One night, after dinner at my parents' apartment, my mother slipped away to the bedroom with Sylvia's coat and sewed up a tear in the sleeve. AS we were about to leave, she surprised Sylvia with the mended coat. Sylvia seemed grateful and affectionate. In the street, however, she became hysterical with indignation, saying she'd been humiliated. I tried to make her understand that my mother was being sweet, doing something good for Sylvia. My mother intended kindness, not a comment on Sylvia's coat. I didn't say that Sylvia made a pitiable, waiflike impression in the torn coat. I said my mother wanted Sylvia to like her. Saying such things, I embarrassed myself.

Then I became angry. What difference did the motives make? Sylvia wanted to be pitied; my mother wanted to be liked. Who could care? What mattered was that my mother's gesture had been affectionate. To defend her against Sylvia brought up questions of loyalty. Maybe that was the point. But, to my mind, my mother needed no defense. I was wrong to defend her. I shut up. Sylvia could interpret things however she liked. I couldn't instruct her in feeling, and I refused to sink into a poisonous and boring morass of motives.

Thereafter, I visited my parents alone.

Leonard Michaels died in 2003 at the age of seventy. The above excerpt is taken from his novel Sylvia, which you can purchase here.

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Friday
Jun262009

In Which You Can Shelter Me And I Will Shelter You

from Journal

by LEONARD MICHAELS

The distance between us is neither long nor short, merely imperishable, like the sentiment in an old song.

My neighbor is building his patio, laying bricks meticulously. The sun beats on him. Heats rises off the bricks into his face. I'm in here writing. He'll have built a patio. I'll be punished.

Deborah wants to have her eyes fixed so they'll look like white eyes and she hates her landlady who gave her the Etna Street apartment, choosing her over 157 other applicants. Her landlady assumed Deborah is a good girl, clean and quiet. "A Japanese angel," says Deborah with a sneer. I was shocked by her racism. I hadn't imagined she thought of herself as Japanese. She showed me photos of her family. Mother, father, brothers, sister — all Japanese, but I hadn't supposed she thought she was, too. What the hell did I imagine? Never to have to think of yourself as white is a luxury that makes you deeply stupid.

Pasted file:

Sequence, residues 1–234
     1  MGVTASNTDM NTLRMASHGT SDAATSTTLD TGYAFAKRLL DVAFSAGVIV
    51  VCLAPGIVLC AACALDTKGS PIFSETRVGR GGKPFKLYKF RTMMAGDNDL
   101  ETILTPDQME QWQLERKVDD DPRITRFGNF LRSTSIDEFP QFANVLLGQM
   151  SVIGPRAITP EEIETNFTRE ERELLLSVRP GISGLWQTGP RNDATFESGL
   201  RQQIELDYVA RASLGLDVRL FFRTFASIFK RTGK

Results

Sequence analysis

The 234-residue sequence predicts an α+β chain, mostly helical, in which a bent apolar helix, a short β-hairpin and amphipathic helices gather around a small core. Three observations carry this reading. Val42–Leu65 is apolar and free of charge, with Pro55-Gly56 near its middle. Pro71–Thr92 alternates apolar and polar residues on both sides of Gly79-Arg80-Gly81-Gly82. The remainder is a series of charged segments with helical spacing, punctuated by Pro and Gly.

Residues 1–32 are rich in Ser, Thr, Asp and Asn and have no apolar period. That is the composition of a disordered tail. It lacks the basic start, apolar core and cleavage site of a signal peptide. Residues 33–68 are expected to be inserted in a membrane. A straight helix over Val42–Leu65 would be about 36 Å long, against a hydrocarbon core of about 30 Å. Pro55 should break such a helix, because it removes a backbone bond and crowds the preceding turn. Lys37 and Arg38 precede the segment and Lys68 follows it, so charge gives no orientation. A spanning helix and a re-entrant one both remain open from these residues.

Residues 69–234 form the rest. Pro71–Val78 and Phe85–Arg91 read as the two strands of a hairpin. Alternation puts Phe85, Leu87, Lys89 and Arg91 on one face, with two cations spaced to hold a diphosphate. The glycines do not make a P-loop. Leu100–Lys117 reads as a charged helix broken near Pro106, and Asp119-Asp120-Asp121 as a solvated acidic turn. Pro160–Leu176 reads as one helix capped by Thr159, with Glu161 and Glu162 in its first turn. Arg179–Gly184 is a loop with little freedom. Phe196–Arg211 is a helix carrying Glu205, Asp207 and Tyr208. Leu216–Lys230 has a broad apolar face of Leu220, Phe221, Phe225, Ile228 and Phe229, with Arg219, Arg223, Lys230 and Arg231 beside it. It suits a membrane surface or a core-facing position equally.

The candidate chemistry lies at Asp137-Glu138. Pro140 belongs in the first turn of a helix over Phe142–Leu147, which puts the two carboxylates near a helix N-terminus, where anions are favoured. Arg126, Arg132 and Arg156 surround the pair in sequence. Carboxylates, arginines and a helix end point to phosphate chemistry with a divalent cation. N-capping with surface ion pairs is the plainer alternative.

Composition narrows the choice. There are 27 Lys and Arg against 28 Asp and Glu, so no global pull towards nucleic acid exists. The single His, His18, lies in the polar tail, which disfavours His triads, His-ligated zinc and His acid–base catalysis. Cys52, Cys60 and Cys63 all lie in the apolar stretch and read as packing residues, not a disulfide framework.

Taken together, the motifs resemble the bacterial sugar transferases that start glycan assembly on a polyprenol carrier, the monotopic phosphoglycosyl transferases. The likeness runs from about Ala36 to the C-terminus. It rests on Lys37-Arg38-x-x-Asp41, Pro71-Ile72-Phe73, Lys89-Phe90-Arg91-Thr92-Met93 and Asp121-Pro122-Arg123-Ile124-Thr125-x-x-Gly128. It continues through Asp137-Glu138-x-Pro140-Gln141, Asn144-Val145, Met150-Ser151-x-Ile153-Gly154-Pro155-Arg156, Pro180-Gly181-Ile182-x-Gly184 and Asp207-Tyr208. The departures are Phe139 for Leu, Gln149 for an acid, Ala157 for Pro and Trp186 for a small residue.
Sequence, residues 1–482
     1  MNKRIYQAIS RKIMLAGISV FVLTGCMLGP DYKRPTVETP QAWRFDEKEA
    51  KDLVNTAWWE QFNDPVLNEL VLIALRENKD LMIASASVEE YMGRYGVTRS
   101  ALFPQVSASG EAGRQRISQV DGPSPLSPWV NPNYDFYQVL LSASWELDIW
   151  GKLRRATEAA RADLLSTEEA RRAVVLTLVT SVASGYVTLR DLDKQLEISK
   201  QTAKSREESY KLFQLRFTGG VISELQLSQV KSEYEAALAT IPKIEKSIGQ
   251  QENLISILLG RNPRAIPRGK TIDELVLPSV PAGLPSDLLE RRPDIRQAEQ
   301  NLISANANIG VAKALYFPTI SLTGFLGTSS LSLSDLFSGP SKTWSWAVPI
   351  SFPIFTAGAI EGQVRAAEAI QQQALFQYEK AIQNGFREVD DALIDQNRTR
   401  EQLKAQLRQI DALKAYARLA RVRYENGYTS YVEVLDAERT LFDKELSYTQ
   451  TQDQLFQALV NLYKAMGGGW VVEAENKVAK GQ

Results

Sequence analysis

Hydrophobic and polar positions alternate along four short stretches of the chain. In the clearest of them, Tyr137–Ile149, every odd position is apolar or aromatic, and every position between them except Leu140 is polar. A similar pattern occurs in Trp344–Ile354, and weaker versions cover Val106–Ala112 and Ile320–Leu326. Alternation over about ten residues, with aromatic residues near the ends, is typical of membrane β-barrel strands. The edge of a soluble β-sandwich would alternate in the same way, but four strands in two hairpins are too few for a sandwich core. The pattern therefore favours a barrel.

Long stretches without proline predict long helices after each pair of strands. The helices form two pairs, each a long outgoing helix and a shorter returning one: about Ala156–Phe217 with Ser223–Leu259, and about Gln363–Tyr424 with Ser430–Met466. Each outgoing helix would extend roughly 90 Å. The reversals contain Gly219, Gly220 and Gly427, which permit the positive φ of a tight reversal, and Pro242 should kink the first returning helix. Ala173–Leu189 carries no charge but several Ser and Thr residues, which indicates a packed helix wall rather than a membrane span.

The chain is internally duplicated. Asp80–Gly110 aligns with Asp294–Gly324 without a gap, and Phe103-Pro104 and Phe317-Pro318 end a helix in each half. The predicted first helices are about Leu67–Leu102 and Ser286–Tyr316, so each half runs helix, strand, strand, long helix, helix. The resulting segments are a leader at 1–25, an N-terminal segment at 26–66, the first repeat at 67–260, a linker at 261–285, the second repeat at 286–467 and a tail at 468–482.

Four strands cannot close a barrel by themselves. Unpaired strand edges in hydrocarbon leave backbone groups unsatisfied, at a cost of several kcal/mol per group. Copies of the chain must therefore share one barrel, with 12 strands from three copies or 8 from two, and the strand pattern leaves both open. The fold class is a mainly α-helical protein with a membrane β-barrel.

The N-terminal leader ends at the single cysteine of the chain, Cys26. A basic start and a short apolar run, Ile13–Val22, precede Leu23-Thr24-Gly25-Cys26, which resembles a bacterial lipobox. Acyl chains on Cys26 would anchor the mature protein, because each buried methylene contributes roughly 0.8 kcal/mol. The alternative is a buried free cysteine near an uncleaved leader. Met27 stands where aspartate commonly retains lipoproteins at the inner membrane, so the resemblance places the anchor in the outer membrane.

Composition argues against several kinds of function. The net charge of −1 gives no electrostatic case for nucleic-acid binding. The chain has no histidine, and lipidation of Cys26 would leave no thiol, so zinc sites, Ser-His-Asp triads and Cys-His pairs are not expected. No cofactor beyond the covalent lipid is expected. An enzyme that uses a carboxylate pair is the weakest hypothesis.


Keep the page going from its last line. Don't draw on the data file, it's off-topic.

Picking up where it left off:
Evelyn told me that Sally, her dearest friend — "Don't ever repeat this!" — came down with the worst case of herpes she'd ever seen.

Feelings swarm in Eddie's face, innumerable nameless nuances, like lights on the ocean beneath a sky of racing clouds. Eddie could have been a novelist or poet. He has emotional abundance, fluency of self. He's shameless. "Believe me, I'm not a faithful type. I've slept with a hundred women. More. But it's no use. She hits me, curses me. She says 'I don't want to be touched. I don't want to be turned on.' No matter. It begins to happen. She relaxes, lets me disgrace myself. She tells me, 'Lick the insides of my legs while I make this phone call.' My father slaves six days a week, year after year, just to put me through medical school. For me to do this, to lick this woman, he went to an early grave."

Margaret tells me her lover is wonderful. "He makes me feel like a woman," she says, "without degrading me." I don't know what she means, but can't ask. What is it to feel like a woman? or to be made to feel that way?

Sonny was six years old when she went up on a roof with a boy. He pulled down his pants. She pulled down hers. They looked. Years later she still worried about what she'd done, thinking she could never be famous because the boy would tell everybody she'd pulled her pants down. She was a success in school and had innumerable boyfriends. None of that changed anything for her. At the age of six, in a thoughtless moment, she ruined her life.

It was cold, beginning to rain. Deborah was afraid she wouldn't find a taxi. She'd have to walk for blocks in the rain. She didn't want to go, but her psychotherapist wasn't charging her anything. A few months back, she told him she couldn't afford to continue. He lowered the rate to half. Even that became too much for her, so he lowered it to nothing. She stood, collected her things, and pulled on her coat like a kid taking orders from her mother, then fussed with her purse, her scarf, trying to be efficient but making dozens of extra little moves, rebuttoning, untying and retying her scarf, and then reopening her purse to be sure there was enough money for a taxi if she could find one. She wanted to stay, to talk more, but couldn't not go to her psychotherapist. She felt he really needed her.

I told Sonny I love her. She said, "I'm a sucker for love."

Leonard Michaels is the senior contributor to This Recording. He died in 2003. You can find the first four entries in Leonard Michaels' Journal here, here, and here, and here.